Story Maps Flip Photos from Portrait to Landscape

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05-14-2020 04:08 PM
JoeBorgione
MVP Esteemed Contributor

This is probably the silliest thing I've ever come across.  I have dozens of portrait images I'd like to add to a story map and at no extra charge, the story map flips the orientation.

There are several different articles going back to 2017 of people saying 'rotate it 90 degrees and then back again before uploading' or 'strip out the exif metadata'.  Huh? It's 2020; I spent a boatload of money to get high res, georeferenced photos on an iPhone 11 Pro Max, and I have to mess around them to get them into a story map?

Please say it isn't so...

can't wait to retire....
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OwenGeo
Esri Frequent Contributor

All -- This issue has been addressed in last night's ArcGIS Online update. Images should no longer be incorrectly rotated after the upload completes.

Please let me know if you are still experiencing this issue.

Owen Evans
Lead Product Engineer | StoryMaps

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20 Replies
DanPatterson
MVP Esteemed Contributor

or the save to your desktop first suggestion?

https://community.esri.com/thread/232817-keeping-images-properly-oriented 


... sort of retired...
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JoeBorgione
MVP Esteemed Contributor

Tried it and it still flips it.  

Installed piexif and and ran piexif.remove(filename.jpeg) and then added that to the story map and it still flips it.

All I want to do is share my pictures of petrified wood with something a little more sophisticated than a shared google album. I got a couple dozen more just like this:

can't wait to retire....
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DanPatterson
MVP Esteemed Contributor

Nice wood... That looks like a sizeable trunk

Kelly Gerrow‌ ... any ideas, this has us stumped


... sort of retired...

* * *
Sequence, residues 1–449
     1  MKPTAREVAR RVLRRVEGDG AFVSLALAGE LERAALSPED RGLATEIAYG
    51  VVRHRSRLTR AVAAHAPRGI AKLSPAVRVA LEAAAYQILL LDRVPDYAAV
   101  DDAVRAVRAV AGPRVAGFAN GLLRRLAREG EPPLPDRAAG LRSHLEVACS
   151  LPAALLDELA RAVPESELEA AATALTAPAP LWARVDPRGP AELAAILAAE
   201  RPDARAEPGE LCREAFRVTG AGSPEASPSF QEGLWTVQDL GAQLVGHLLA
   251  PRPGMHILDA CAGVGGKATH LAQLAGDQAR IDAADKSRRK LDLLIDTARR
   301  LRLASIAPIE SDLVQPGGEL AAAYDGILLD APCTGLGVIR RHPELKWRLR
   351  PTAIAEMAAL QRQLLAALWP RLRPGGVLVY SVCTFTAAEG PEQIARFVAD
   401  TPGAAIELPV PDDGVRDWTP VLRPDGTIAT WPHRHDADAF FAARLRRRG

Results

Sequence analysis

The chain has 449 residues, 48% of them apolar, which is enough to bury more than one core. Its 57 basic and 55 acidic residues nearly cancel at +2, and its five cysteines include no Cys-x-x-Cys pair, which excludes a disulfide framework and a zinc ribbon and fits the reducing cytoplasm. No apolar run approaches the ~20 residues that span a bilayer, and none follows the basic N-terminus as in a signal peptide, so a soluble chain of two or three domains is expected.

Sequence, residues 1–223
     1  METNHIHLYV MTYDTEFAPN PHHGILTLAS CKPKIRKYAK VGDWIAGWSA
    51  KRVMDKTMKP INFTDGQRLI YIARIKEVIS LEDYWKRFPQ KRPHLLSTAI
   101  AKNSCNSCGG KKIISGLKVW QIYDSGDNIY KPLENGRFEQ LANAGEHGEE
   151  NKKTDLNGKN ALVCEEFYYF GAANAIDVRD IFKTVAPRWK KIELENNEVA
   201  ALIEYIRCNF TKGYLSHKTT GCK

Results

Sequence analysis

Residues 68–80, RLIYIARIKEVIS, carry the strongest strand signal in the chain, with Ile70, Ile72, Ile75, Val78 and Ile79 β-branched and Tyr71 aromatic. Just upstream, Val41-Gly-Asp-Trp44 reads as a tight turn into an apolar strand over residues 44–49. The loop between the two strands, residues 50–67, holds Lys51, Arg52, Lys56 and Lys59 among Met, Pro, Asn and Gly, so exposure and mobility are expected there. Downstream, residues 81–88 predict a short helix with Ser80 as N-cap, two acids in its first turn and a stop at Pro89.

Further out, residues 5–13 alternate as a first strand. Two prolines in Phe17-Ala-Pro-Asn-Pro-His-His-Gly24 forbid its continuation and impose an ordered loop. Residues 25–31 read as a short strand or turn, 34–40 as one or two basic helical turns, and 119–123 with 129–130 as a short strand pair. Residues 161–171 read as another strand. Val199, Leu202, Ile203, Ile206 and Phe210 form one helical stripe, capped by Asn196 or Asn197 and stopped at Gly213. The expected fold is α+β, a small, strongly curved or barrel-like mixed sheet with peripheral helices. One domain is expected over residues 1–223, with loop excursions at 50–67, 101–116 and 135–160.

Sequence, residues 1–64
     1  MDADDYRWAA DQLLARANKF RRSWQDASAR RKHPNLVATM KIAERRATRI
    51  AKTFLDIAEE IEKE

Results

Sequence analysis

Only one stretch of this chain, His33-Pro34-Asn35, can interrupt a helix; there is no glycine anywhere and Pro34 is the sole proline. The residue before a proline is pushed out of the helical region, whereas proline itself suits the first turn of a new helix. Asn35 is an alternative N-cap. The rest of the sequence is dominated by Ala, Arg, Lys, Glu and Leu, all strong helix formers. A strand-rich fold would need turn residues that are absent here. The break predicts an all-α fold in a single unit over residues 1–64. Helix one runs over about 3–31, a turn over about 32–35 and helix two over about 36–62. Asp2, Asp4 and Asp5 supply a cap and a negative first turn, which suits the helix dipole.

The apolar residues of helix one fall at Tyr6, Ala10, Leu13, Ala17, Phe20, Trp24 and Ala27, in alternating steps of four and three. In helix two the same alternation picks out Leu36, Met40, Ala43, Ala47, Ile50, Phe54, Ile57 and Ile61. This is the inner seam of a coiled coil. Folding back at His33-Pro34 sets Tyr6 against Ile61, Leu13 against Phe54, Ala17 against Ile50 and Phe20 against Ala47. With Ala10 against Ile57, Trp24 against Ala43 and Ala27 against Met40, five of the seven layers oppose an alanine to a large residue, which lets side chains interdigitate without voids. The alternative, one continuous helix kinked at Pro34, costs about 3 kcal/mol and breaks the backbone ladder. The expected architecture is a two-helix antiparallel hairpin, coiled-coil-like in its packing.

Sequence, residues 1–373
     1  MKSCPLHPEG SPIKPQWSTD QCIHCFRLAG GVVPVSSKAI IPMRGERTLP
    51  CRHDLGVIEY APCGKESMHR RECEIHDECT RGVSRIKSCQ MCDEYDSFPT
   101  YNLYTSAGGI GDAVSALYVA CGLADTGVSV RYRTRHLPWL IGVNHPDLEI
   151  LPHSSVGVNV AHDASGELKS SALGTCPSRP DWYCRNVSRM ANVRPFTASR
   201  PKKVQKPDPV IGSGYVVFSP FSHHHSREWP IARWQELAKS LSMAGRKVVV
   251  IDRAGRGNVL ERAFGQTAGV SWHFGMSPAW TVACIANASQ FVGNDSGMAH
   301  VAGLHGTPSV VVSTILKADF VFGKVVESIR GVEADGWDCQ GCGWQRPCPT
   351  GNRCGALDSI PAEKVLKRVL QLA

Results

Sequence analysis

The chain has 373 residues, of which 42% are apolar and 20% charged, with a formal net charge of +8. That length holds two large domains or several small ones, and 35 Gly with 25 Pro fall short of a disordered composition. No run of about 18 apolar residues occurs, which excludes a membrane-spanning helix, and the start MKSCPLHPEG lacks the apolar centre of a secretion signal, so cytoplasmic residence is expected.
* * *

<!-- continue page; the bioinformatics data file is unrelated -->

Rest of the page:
JoeBorgione
MVP Esteemed Contributor

this has us stumped       

Once I get this figured out, I'll post the link; the pic above is nothin' !

can't wait to retire....
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OwenGeo
Esri Frequent Contributor

All -- I'm very sorry you are running into this issue with your uploaded photos. Unfortunately there is no easy solution to this pesky problem as there is no universal way image rotation is stored/read by different systems, but we are looking into it and hope to be able to address this in an upcoming release.

For now, here's a workaround that should help. On a Mac, open one of the images that's giving you trouble in Preview and rotate it 90 degrees four times (using the button shown in the screenshot, below) so that it's back to the expected orientation. Then save the image. That should update the rotation info and cause it to be oriented as you expect after being uploaded to the story. I imagine there is a similar workaround for Windows using the standard image viewer app.

Owen Evans
Lead Product Engineer | StoryMaps
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JoeBorgione
MVP Esteemed Contributor

Thanks for your tip Owen Evans‌ but I'm using a windows 10 machine to author the story map.  I actually tried to 'fool' it by rotating it and saving it, but then it just accepts the rotated image and I'm back to square one.

can't wait to retire....
MiaMassicotte
Occasional Contributor

I used to have this problem with my iPhone photos, but not with photos I took with my iPad. Apart from EXIF. with iPad my normal camera position has button on the right, so device is *already* in landscape mode, hence my iPad photos dI'd not have this issue. But not when I took a photo in portrait mode with my iPhone (which seems natural as I'm holding the iPhone upright with one hand, button is at the bottom and image fills the whole screen). My fix might be old news to you, but now I hold my iphone in landscape -- as though I'm holding a camera -- with the button on the right; then no exif problem. Otherwise, I do make a copy and rotate to landscape mode to use it for uploading/sharing with the non-Apple universe.

fwiw,

Mia

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JoeBorgione
MVP Esteemed Contributor

I guess I just don't understand the rotate to landscape idea; I do that and my image is sideways.  The story map does that for me.  What am I missing here?

can't wait to retire....
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MiaMassicotte
Occasional Contributor

I make a duplicate of my original iPhone Xr photos (if taken in portrait mode) and rotate it to landscape while it's still on the iPhone. That's the one I upload. it's pretty easy to tell in the photo selector which is the landscaped image.  When taking new photos, I hold my iphone in the 'camera' position so that the button is on the right.

For me, these practices have resolved the frustrating and quirky automatic flipping problems where I couldn't get my photos to behave. 

Mia

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